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Unique Constraint VS Check Constraint RRS feed

  • Question

  • i want to create a Unique Constraint on a SQL Server 2005 table where the uniqueness is based on 2 columns. I have following questions here

    1> Should i create Uniques constraint or Check Constraint?

    2> Whats the difference between Unque Constraint and Check Constraint?

    3> I can create Check Constraint from MS SQL Studio Manager, but NOT unique constraint why?

    4>How to create Uniqe constraint or Check Constiant for my senario above?



     

    Thursday, December 11, 2008 9:00 PM

Answers

  • A unique constraint prevents duplicate values from being inserted into a column (with one NULL allowed, if columns are nullable), where a check constraint allows you to establish a predicate condition that must be true for the one row.  To implement uniqueness with a check constraint you would need to use a user defined function to access the other rows in the table.  Usually this is only done if you want to allow N instances of a value, where N is > 1. 

     

    In your case, assuming you mean:

     

    1  1

    1  2

    1  1  <-- would not be allowed

     

    Then you should use a unique constraint.  I have no idea why you can't create one easily from managment studio, but it is easier to type:

     

    ALTER TABLE <tableName> ADD CONSTRAINT AK<tablename> UNIQUE (<columnList>)

     

    And definitely easier to reuse in different environments.

     

     

    • Proposed as answer by HunchbackMVP Saturday, December 5, 2009 8:01 PM
    • Marked as answer by Kalman Toth Wednesday, October 3, 2012 12:39 AM
    Thursday, December 11, 2008 9:25 PM
  • In Object Explorer, enter the Table Designer

    Click on Manage Indexes/Keys, Add

    Click on Columns elipsis to configure columns

    For Type, select Unique Key

    Save


    Let us know if works.


    Kalman Toth SQL SERVER 2012 & BI TRAINING
    New Book: Beginner Database Design & SQL Programming Using Microsoft SQL Server 2012


    • Edited by Kalman Toth Wednesday, October 3, 2012 12:39 AM
    • Marked as answer by Kalman Toth Wednesday, October 3, 2012 12:39 AM
    Friday, December 12, 2008 7:27 AM

All replies

  • A unique constraint prevents duplicate values from being inserted into a column (with one NULL allowed, if columns are nullable), where a check constraint allows you to establish a predicate condition that must be true for the one row.  To implement uniqueness with a check constraint you would need to use a user defined function to access the other rows in the table.  Usually this is only done if you want to allow N instances of a value, where N is > 1.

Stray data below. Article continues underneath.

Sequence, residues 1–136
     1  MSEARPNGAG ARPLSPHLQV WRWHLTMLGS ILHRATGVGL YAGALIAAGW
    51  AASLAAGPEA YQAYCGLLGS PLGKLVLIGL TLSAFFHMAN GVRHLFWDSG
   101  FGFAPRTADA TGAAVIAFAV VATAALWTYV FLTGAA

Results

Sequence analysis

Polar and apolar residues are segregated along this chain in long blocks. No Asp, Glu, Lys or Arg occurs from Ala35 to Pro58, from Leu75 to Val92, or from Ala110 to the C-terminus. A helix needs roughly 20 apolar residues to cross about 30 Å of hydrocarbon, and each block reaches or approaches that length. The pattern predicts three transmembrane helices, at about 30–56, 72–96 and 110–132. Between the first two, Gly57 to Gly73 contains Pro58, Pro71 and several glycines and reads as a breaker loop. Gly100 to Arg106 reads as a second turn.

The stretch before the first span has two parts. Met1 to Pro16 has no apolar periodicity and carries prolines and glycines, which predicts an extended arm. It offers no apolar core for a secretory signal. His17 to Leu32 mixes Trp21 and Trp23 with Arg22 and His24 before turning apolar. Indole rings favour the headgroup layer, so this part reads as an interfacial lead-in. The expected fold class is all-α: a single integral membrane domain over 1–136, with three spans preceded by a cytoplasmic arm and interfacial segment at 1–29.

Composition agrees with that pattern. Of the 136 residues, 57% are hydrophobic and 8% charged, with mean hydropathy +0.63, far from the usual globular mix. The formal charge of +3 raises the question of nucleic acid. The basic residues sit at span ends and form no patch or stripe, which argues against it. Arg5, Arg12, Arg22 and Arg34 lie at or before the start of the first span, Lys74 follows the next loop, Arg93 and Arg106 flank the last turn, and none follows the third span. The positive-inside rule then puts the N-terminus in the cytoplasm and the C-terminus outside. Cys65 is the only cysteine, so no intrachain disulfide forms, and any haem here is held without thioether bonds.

In your case, assuming you mean:

     

    1  1

    1  2

    1  1  <-- would not be allowed

     

    Then you should use a unique constraint.  I have no idea why you can't create one easily from managment studio, but it is easier to type:

     

    ALTER TABLE <tableName> ADD CONSTRAINT AK<tablename> UNIQUE (<columnList>)

     

    And definitely easier to reuse in different environments.

     

     

    • Proposed as answer by HunchbackMVP Saturday, December 5, 2009 8:01 PM
    • Marked as answer by Kalman Toth Wednesday, October 3, 2012 12:39 AM
    Thursday, December 11, 2008 9:25 PM
  • i can create Unique constraint using ALTER TABLE <tableName> ADD CONSTRAINT AK<tablename> UNIQUE (<columnList>) but i dont see that in indexes/keys option.

    Thursday, December 11, 2008 10:46 PM
  • In Object Explorer, enter the Table Designer

    Click on Manage Indexes/Keys, Add

    Click on Columns elipsis to configure columns

    For Type, select Unique Key

    Save


    Let us know if works.


    Kalman Toth SQL SERVER 2012 & BI TRAINING
    New Book: Beginner Database Design & SQL Programming Using Microsoft SQL Server 2012


    • Edited by Kalman Toth Wednesday, October 3, 2012 12:39 AM
    • Marked as answer by Kalman Toth Wednesday, October 3, 2012 12:39 AM
    Friday, December 12, 2008 7:27 AM
  • thx a bunch Kalman, that worked for me too! ;-)
    Saturday, December 5, 2009 7:43 PM